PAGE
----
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Lima | July 27, 2011 [ 18:37 ]

After 6 years, will close on July 27th

During the past 6 years LivinginPeru worked hard to provide readers with the best information available about Peru. A simple, but important goal, guided them: to make Peru the number 1 country in Latin America.

After 6 years, 25,000 articles, and more than 10 million visitors, LivinginPeru decided it was time to make a change.

On July 28, the anniversary of their launch, LivinginPeru will introduce and the brand new

They promise that with the new sites “nothing will be the same and everything will change.”

The LivinginPeru team worked on the new site for 18 months. They surfed the world’s news sites; expat services, event calendars, classifieds and more. They learned from the best before designing and programming their new portal.

All the information that was published on the site will stay put, but in the future there will be two pages. One will be called and one will be called They will be distinct from one another, but always connected.

The LivinginPeru team invites all visitors to take a look at the BETA version of the sites, which will be uploaded tomorrow morning, July 28. Readers are also encouraged to email with comments on the new sites.

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Travel & Tourism | July 27, 2011 [ 15:03 ]

UGM will evaluate plan to solve limited access to Machu Picchu

Machu Picchu (Photo: Andina/ Percy Hurtado )
The Management Unit of Machu Picchu (UGM) will meet next week in Cusco to evaluate plans to solve the current 2,500 visitors a day restriction.

Regional director of Foreign Trade and Tourism, Carlos Zuñiga reported news of the meeting.

Zuñiga told Andina news agency that the proposed plan would address the capacity restrictions, which would be increased to 5,000 daily visits in the long term. The plan would also address the protection and sustainable development of tourism in the area.

"The Master Plan for Machu Picchu made in 2005 gave the magic number of 2,500 tourists per day, but today everything has changed, there are more trains arriving, the demand of visitors increased and will continue to increase, so we have to see other options," he said.

He stressed that the plan would not affect the conservation of the site, which would provide schedules for visits as well as alternative routes to visit the site.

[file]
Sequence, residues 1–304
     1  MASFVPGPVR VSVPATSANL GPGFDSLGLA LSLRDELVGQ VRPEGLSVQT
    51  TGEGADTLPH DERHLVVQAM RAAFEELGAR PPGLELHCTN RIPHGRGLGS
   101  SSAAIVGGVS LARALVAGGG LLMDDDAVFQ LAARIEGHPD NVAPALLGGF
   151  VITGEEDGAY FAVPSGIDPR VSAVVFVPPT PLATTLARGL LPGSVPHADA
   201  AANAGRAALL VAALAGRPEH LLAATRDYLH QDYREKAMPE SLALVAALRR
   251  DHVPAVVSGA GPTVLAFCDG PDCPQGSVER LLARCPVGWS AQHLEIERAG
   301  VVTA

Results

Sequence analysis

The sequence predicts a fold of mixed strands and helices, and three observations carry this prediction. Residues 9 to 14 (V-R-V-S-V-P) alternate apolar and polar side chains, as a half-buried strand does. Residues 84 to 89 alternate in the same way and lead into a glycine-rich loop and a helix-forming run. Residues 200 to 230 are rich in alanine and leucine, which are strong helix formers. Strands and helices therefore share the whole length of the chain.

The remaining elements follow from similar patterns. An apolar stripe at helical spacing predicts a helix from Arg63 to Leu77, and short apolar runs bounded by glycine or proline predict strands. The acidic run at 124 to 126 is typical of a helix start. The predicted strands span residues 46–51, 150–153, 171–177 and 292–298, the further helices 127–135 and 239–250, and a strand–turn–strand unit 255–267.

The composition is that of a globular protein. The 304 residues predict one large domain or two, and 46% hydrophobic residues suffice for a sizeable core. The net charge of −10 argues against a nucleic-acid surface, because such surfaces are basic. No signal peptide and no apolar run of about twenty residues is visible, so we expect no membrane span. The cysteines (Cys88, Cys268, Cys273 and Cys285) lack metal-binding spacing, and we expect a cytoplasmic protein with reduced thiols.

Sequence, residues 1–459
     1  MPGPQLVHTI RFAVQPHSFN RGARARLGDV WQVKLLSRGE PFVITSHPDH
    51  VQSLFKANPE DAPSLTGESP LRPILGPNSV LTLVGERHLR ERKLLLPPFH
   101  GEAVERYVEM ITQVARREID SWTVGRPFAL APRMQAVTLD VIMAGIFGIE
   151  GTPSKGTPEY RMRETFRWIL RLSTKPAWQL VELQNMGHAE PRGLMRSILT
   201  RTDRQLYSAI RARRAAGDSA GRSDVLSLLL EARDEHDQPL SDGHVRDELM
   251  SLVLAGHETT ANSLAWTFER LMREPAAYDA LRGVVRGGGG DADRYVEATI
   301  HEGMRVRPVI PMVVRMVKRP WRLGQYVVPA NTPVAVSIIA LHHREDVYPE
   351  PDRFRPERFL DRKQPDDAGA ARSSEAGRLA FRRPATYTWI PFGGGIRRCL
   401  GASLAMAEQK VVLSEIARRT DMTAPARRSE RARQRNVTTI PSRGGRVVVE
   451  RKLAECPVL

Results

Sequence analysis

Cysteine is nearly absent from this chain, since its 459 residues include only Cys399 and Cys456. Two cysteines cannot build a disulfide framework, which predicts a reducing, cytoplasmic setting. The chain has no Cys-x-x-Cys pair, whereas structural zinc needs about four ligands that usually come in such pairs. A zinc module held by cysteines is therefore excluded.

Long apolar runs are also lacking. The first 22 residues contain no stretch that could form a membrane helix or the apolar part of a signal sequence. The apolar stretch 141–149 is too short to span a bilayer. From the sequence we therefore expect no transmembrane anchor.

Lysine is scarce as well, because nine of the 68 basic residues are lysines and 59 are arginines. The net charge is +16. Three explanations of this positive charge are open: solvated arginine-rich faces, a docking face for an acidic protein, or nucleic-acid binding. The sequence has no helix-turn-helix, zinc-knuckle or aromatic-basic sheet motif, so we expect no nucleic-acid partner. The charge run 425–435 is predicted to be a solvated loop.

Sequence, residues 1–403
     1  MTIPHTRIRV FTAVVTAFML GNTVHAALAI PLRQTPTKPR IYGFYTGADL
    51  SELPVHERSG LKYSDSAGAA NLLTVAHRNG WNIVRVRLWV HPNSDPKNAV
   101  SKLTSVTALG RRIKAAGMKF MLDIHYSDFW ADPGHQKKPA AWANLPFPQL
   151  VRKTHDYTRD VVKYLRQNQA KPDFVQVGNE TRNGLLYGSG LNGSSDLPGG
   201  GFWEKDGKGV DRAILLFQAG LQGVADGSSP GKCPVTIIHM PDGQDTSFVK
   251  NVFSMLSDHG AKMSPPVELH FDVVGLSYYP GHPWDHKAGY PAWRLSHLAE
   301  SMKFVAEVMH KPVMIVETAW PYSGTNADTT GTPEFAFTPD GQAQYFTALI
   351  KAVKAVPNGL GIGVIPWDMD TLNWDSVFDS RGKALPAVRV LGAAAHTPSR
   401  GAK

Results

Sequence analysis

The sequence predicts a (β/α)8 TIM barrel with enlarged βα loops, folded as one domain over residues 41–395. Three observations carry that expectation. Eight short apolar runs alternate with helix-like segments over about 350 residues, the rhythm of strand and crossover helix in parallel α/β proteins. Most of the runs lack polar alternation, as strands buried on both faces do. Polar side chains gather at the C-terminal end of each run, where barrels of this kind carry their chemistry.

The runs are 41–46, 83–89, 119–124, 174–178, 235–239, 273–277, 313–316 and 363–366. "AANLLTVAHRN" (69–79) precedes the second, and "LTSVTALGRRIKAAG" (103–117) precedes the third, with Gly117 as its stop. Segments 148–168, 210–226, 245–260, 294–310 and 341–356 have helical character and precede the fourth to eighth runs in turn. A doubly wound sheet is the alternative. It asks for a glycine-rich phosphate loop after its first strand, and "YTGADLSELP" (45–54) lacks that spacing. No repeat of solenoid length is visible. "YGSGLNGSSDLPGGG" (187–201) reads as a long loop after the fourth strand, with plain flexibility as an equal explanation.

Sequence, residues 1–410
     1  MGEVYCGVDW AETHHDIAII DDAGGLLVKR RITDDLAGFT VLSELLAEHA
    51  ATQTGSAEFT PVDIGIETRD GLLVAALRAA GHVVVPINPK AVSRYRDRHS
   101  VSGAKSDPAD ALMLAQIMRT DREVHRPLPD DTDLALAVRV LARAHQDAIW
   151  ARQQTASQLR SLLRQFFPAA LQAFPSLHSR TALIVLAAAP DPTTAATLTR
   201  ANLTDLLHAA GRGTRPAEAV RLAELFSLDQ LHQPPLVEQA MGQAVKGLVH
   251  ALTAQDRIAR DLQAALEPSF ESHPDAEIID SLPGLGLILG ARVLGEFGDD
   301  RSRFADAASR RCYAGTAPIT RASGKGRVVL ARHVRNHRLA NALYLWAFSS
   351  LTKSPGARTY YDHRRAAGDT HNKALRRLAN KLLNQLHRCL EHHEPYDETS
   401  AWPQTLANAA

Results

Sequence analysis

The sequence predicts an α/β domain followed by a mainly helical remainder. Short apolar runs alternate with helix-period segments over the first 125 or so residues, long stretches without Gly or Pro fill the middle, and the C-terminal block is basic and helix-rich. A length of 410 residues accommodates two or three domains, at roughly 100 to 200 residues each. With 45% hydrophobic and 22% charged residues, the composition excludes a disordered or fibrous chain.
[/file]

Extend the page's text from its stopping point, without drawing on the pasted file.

The regional head of Cusco, Jorge Tito Acurio, district mayor of Machu Picchu, Oscar Valencia, and the Ministry of Culture, among other institutions, chair the UGM.

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Travel & Tourism | July 27, 2011 [ 14:17 ]

130 pct increase in tourists visiting Machu Picchu, Peru

Machu Picchu (Photo:Andina / Percy Hurtado )
The number of tourists visiting Machu Picchu, grew by nearly 130 percent between January and April 2011 compared to the same period last year, reported the consultancy company Maximixe.

"Between January and April of this year, 244,061 tourists visited Machu Picchu which represented an annual growth rate of 129.1 percent," they said, in an article in Andina.

Of the total tourists, 75.5 percent were foreigners.

Maximixe noted that these figures could have been even if the social conflicts in Puno hadn’t occurred. They noted that the conflict generated the cancellation of several tours in the country.

Other tourist attractions that saw an increase in the flow of visitors were the National Reserve of Paracas, Ica, with 42.4 percent growth and 65.921 visitors, and the Belen Monument Complex in Cajamarca with an increase of 35.5 percent.

Between 2005 and 2010, the tourist site that recorded the most dynamic growth in the number of visitors was the city of Caral, located north of Lima. Caral had 24.7 per cent growth.

The archeological sites of Kuelap in the Amazon saw 15.3 percent growth, Moray Cusco 15 percent, Kotosh Huánuco 14.4 percent, the Colca Valley in Arequipa 11.7 percent and the Quistococha Resort in Loreto had a 11.7 percent increase in the amount of visitors.

Maximixe said that "while the amount of visitors to these places is less than number who go to Machu Picchu, it is a remarkable growth, which will be even greater when you create the appropriate infrastructure and couple it with the network of services that the business requires.”

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Mining & Energy | July 27, 2011 [ 12:33 ]

600,000 new natural gas connections for households in Lima

Caros Herrera (Photo: El Comercio)
Carlos Herrera Descalzi, Peru’s next Minister of Energy and Mining, has stated that there would be about 600,000 new connections of natural gas in Lima households, in the next five years.